Lindon has an abundant cultural and historical background. Originally settled in 1861, Lindon began as pioneers moved into what was then the Lindon grazing land. The town was originally named "String Town" because of the way the houses were strung up and down the street. An old linden tree (Tilia) growing in town in 1901 inspired the present (misspelled) name. Over the past century Lindon has seen organized development, but it has tried to remain true to its motto: Lindon: a little bit of country.
Gillman Farm — 584 W. Gillman Lane
James Henry Gillman bought 10 acres (4 ha) of land late in the 19th century. Now, over a hundred years later, four generations of the Gillman family have restored and still work the land today. The Gillman Farm has been identified as one of Utah's "Century Farms."
Lindon Cider Mill — 395 N. State St.
Build by Lewis Robinson in 1857, the Lindon Cider Mill provided cider for city residents every fall and winter. Later in the summer residents would use the aged cider as vinegar. Today the cider mill stands with its original honeycomb limestone that was quarried from American Fork Canyon.
Alfred Harper House — 125 W. 400 N.
Originally constructed in 1876, the "Big House" as it was called was built with honeycomb limestone from the American Fork Canyon. Alfred Harper built the house before leaving to New Zealand on a three year mission for the LDS church. On his return he finished the home and planted vines that in time have grown over the house.
Lindon Ward Chapel — 400 N and Main.
The Lindon Ward Chapel was built by early LDS members who settled in Lindon in the late 19th century. The chapel was dedicated in 1891 by Reed Smoot, a member of the quorum of the twelve apostles of The Church of Jesus Christ of Latter-day Saints. Today, the original iron fence and pine trees remain where the church once stood.
Lindon Elementary School — Main and Center.
On the Corner of Main Street and Center Street the Lindon Elementary school was built for $5,200 in 1900. After being annexed by the Pleasant Grove School District until it was torn down in 1966. A new school was constructed for $510,000 in November 1967.
Geneva Resort — 2130 W. 600 S.
Captain John Dallin named the resort after his daughter, Geneva, in 1890. He also constructed a boat harbor, several wells, and a dance pavilion, a hotel and concession stands. While many owners have come and gone, the times that families and friends spent together there will never be forgotten.
Joseph Wadley Farm — 67 E. 400 N.
In 1881 Joseph Wadley began quarrying and hauling Tufa rock from Pleasant Grove. He constructed the home on his 32 acres (12.9 ha) of land on Lindon Hill in 1882. In 1988 the land was purchased by his grandson and restored to its original state.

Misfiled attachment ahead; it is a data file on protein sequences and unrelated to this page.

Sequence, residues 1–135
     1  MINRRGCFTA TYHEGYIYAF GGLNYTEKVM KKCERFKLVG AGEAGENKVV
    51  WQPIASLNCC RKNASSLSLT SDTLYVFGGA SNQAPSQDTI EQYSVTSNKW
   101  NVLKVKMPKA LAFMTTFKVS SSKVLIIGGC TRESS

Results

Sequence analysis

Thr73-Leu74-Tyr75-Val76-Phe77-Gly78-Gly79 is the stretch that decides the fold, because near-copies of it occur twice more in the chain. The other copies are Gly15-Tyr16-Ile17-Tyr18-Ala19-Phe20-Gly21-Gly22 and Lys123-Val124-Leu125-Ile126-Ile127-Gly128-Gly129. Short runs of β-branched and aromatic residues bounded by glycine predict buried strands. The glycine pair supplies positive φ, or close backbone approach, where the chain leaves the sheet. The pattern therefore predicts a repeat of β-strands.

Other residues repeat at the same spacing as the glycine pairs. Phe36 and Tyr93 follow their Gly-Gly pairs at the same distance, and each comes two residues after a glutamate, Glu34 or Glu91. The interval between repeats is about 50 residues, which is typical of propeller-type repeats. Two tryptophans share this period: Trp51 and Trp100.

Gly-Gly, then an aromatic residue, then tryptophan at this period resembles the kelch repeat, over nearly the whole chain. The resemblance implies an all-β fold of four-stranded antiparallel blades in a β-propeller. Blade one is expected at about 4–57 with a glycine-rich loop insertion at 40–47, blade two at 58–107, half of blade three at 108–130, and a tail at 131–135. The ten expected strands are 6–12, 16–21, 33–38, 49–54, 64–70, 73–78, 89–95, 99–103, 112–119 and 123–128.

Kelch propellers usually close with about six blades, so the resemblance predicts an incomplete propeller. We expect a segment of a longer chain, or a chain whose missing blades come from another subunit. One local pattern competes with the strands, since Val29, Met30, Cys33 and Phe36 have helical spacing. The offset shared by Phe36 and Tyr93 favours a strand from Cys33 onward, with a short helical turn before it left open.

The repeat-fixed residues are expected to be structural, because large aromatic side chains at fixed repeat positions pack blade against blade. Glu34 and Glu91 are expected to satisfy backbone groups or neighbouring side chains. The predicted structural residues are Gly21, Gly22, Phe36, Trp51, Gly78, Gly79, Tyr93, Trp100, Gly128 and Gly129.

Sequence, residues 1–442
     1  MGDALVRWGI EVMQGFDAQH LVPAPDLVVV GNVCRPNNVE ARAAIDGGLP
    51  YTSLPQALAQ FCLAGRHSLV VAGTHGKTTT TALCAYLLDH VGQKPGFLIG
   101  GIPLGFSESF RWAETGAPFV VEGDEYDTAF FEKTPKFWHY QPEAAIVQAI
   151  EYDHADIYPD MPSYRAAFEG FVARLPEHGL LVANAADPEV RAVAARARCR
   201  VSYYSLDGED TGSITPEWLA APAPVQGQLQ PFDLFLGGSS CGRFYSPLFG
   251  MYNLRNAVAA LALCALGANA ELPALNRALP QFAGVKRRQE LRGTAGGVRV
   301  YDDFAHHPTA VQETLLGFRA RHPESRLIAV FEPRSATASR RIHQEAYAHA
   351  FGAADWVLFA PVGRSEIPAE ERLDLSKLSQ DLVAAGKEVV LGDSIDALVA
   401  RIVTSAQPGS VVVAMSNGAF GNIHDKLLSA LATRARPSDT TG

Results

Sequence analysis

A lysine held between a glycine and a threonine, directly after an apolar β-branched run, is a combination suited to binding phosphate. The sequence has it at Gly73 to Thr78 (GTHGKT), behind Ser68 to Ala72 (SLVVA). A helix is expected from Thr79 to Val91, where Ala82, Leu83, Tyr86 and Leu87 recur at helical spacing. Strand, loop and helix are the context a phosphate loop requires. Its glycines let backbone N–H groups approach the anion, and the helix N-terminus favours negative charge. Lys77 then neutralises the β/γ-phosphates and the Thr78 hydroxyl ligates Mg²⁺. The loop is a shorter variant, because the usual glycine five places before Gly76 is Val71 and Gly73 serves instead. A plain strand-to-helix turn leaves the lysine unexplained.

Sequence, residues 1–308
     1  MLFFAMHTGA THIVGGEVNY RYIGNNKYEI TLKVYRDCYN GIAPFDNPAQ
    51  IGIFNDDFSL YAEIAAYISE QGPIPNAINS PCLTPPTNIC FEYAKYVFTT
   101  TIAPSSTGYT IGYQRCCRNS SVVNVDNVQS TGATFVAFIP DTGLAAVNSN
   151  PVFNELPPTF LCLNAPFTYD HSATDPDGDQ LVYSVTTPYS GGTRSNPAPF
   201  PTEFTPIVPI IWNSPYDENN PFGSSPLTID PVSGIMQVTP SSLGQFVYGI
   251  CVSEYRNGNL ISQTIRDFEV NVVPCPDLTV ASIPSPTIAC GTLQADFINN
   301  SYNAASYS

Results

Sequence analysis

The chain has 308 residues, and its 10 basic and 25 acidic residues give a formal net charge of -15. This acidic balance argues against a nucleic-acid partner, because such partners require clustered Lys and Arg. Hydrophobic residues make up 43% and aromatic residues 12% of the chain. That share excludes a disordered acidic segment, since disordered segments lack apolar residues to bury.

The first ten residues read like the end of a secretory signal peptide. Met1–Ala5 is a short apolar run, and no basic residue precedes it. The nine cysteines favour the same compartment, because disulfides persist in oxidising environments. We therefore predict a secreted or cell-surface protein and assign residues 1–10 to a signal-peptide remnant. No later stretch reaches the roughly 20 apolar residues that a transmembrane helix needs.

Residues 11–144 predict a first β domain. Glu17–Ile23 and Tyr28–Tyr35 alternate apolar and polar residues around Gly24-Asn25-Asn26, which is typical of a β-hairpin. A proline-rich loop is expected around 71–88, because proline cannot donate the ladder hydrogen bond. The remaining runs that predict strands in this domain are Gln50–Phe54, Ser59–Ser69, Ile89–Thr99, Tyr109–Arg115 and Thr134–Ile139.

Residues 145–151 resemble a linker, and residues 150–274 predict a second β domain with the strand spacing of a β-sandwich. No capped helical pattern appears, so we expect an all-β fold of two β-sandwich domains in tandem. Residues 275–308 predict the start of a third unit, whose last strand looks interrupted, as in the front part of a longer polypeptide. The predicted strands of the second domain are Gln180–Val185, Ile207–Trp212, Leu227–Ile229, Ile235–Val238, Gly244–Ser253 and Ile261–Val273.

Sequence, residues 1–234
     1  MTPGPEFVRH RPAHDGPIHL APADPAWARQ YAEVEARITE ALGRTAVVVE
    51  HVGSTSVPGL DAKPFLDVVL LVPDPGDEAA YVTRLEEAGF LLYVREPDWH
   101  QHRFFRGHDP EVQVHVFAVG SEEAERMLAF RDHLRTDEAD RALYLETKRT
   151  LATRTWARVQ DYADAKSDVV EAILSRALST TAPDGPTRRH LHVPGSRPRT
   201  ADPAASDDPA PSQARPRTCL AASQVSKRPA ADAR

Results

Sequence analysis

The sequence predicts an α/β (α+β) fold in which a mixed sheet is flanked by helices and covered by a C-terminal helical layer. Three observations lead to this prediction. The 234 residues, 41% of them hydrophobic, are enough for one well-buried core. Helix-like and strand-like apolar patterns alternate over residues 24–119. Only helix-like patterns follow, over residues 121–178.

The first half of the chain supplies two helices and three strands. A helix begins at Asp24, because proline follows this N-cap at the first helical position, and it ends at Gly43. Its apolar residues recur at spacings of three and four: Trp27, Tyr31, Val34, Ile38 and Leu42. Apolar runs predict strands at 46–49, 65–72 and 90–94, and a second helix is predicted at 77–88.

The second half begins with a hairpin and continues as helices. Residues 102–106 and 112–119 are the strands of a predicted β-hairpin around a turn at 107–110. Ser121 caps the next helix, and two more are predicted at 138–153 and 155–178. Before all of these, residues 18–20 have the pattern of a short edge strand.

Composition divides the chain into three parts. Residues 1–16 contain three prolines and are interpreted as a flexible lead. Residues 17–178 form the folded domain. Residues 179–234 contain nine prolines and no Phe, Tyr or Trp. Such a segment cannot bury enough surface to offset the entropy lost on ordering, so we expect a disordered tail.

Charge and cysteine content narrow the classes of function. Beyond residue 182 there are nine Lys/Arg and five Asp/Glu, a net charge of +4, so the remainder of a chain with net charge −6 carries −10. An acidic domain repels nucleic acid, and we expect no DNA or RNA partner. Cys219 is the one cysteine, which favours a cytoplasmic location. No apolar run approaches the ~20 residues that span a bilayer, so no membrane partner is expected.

The Amusement Hall — 150 N. State St.
Constructed in 1900, it was built in the shape of a "T" with rustic lumber. The hall housed three-act plays, silent films, and dancing until it was converted to a cannery in 1940.
The Valley Center Playhouse
Pioneer Home - 150 S. 500 E. A restored home from the original settlers that came into the Lindon herding grounds in 1861.
Lindon City Veteran's Memorial - 200 N. State Street This memorial recognizes those who have fought and died in 20th century wars. The memorial contains photos and biographies of those who have given their lives in defense of this country.
According to the United States Census Bureau, the city has a total area of 8.6 square miles (22.2 km²), of which, 8.4 square miles (21.8 km²) of it is land and 0.2 square miles (0.5 km²) of it (2.21%) is water.
As of the census of 2010, there were 10,070 people, 2,518 households, and 2,279 families residing in the city. The population density was 1198.8 people per square mile (462.8/km²). There were 2,602 housing units at an average density of 309.7 per square mile (119.5/km²). The racial makeup of the city was 91.8% White, 0.5% African American, 0.4% Native American, 1.3% Asian, 0.4% Pacific Islander, 2.7% from other races, and 2.9% from two or more races. Hispanic or Latino of any race were 7.1% of the population.
There were 2,518 households out of which 56.8% had children under the age of 18 living with them, 82.2% were married couples living together, 5.7% had a female householder with no husband present, and 9.5% were non-families. 7.9% of all households were made up of individuals and 3.8% had someone living alone who was 65 years of age or older. The average household size was 3.97 and the average family size was 4.20.
In the city the population was spread out with 41.9% from 0-19, 6.9% from 20 to 24, 23.2% from 25 to 44, 20.8% from 45 to 64, and 7.5% who were 65 years of age or older. The median age was 26.3 years. For every 100 females there were 101.3 males. For every 100 females age 20 and over, there were 98.3 males.
The median income for a household in the city was $61,964, and the median income for a family was $63,513. Males had a median income of $47,330 versus $23,158 for females. The per capita income for the city was $18,088. About 2.9% of families and 3.1% of the population were below the poverty line, including 3.7% of those under age 18 and 7.5% of those age 65 or over.
- "American FactFinder". United States Census Bureau. Retrieved 2008-01-31.
- "US Board on Geographic Names". United States Geological Survey. 2007-10-25. Retrieved 2008-01-31.
- Van Cott, John W. (1990). Utah Place Names. Salt Lake City, Utah: University of Utah Press. p. 227. ISBN 0-87480-345-4 [Amazon-US | Amazon-UK].
- "American FactFinder". United States Census Bureau. Retrieved 2011-05-14.
- "Administration". Alpine School District. Retrieved 2012-16-06.